Heritage Florida Jewish News - Central Florida's Independent Jewish Voice

By Mel Pearlman
Everywhere 

Misguided Jewish philanthropy

 


As reported in this newspaper several weeks ago, a number of prominent local Jewish philanthropists have pledged millions of dollars to relocate the Holocaust Memorial, Resource and Education Center from the Jewish campus in Maitland, Florida, to an expanded site in Orlando.

Along with the relocation, the Holocaust Board has decided to change the name of the new facility to “The Holocaust Museum of Hope and Humanity.” The decision to relocate and to change the name were apparently made without broad discussion and input from the general Jewish community as to the appropriateness of both the relocation and the name change.

While recognizing the contributions and service of members of the general community to the success of the Holocaust Center, and the generous offer of land for the new facility by the City of Orlando, let us not forget that the Jewish community, including the Jewish Federation, have invested millions of dollars over the last four decades to construct and maintain the existing facility at the campus in Maitland; which is also home to the Jewish Academy of Orlando and The Roth Family Jewish Community Center, as well as housing the offices of the Jewish Federation of Greater Orlando.

The Maitland campus has been and should remain an important center of Jewish life. Unfortunately, the relocation of the Holocaust Memorial, Resource and Education Center will diminish the campus as one of the main centers of Jewish life in the Central Florida area.

What is to become of the beautiful building that was designed as a memorial to the 6,000,000 Jewish victims of the Holocaust? Can it be saved at the Maitland campus to remain a memorial to the great calamity that befell the Jewish people in the 20th century?

Should it not remain as a constant reminder to all visitors to the Maitland campus, Jew and non-Jew alike, that despite the losses of more than a third of the Jewish world population in the Holocaust, the Jewish people have rebounded and have overcome every adversity, to be a positive influence, a good neighbor and a contributor to the welfare and quality of life in any community in which they reside? Will the new facility be able to recreate the centrality of the Jewish experience as the basis from which to build hope and a more humane society?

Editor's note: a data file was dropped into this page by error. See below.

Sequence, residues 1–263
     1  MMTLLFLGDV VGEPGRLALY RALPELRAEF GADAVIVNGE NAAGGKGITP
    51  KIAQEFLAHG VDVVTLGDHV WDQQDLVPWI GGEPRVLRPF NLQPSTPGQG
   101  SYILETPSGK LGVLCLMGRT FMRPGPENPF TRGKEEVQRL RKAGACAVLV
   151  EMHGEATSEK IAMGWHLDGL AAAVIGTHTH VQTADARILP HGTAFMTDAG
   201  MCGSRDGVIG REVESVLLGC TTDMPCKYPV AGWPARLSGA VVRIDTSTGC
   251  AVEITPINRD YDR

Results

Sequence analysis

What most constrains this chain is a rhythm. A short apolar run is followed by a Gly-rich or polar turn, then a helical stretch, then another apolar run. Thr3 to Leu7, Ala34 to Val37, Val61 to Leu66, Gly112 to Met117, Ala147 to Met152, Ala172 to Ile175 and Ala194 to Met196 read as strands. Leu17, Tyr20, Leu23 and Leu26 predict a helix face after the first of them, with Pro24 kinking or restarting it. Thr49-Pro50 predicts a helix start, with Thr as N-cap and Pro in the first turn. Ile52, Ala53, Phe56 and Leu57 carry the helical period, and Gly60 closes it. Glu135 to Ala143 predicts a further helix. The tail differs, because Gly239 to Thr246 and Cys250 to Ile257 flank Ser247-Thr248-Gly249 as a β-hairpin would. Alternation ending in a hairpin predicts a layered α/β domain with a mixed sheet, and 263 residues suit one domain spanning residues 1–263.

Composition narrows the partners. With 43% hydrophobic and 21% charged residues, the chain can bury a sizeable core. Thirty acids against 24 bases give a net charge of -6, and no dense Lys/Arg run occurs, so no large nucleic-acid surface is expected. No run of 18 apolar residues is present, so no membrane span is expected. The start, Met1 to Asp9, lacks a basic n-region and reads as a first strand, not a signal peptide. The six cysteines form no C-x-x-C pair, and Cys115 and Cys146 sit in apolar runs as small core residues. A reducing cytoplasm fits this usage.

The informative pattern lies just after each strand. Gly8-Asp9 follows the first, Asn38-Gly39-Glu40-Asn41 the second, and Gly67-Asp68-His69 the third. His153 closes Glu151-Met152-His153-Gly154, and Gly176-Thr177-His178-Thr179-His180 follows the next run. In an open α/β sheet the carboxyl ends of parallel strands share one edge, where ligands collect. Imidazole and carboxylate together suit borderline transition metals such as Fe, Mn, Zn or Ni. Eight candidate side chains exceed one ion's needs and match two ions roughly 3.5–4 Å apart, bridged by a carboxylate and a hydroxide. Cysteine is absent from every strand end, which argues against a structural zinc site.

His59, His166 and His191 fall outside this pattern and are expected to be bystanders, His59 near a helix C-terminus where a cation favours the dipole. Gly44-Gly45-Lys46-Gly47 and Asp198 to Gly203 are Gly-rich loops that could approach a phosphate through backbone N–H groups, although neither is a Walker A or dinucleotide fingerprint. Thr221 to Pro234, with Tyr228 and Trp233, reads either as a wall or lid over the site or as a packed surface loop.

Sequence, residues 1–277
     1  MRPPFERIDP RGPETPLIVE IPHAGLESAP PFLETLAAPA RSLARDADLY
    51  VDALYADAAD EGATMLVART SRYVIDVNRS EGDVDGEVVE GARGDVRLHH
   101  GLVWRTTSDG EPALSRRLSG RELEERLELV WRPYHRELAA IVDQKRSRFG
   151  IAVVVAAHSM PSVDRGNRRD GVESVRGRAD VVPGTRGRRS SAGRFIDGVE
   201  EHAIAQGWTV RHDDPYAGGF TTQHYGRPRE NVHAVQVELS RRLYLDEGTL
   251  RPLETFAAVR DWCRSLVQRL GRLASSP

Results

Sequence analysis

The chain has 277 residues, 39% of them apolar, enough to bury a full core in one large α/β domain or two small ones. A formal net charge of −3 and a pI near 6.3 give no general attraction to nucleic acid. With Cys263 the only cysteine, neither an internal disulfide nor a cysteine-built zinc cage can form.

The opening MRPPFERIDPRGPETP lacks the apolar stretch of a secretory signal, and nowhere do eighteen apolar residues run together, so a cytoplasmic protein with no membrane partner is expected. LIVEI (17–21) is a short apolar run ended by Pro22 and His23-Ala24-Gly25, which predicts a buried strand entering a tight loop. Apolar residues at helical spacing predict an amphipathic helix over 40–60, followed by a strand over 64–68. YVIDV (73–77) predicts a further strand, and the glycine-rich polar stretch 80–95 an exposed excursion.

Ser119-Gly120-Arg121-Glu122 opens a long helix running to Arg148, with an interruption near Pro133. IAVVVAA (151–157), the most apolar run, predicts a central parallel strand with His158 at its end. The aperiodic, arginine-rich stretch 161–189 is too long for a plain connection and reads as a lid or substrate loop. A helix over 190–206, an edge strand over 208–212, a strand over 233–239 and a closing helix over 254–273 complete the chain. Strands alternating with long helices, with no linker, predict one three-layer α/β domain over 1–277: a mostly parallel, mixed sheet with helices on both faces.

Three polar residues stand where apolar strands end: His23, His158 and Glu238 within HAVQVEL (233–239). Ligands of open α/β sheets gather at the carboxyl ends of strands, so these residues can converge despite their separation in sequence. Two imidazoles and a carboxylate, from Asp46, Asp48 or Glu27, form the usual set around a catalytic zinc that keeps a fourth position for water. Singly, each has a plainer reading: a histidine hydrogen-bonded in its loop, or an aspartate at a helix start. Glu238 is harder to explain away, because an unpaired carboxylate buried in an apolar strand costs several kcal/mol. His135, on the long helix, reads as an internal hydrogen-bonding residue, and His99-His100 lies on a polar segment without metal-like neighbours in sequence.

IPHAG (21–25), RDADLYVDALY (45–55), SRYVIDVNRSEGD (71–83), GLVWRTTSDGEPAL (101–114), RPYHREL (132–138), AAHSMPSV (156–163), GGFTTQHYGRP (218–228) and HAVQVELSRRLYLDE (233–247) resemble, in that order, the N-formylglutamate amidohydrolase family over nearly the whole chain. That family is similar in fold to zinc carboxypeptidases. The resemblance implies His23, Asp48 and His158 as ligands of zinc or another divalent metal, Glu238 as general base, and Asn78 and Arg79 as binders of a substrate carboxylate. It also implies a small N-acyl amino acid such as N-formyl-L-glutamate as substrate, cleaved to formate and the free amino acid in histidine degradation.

Last year I touched on this subject when I wrote: “The Holocaust Memorial, Resource and Education Center has done great work in teaching tolerance and mutual respect to the diverse communities in Central Florida, but its heart and soul is to remember the Holocaust as a unique Jewish experience from which the community can learn these lessons of tolerance, respect and other aspects of human relations.”

Will the Holocaust as a unique Jewish experience be of less significance or lost to future visitors at the new location in Orlando? Will the relocated Holocaust Center, founded by Jewish Holocaust survivors, lose its Jewish character as a memorial, research and education facility by removing these key words from its name?

I respectfully suggest that, despite the good intentions of these major financial contributors who are financing the relocation, expansion and name change of the Holocaust Center, their respective contributions could better serve the Jewish community by retiring campus debt, maintaining, strengthening and expanding all the Jewish agencies currently located at the Maitland campus, including the Holocaust Memorial, Resource and Education Center.

In you wish to comment or respond you can reach me at melpearlman322@gmail.com. Please do so in a rational, thoughtful, respectful and civil manner.

Mel Pearlman holds B.S. & M.S. degrees in physics as well as a J.D. degree and initially came to Florida in 1966 to work on the Gemini and Apollo space programs. He has practiced law in Central Florida since 1972. He has served as president of the Jewish Federation of Greater Orlando; was a charter board member, first Vice President and pro-bono legal counsel of the Holocaust Memorial Resource and Education Center of Central Florida, as well as holding many other community leadership positions.

 

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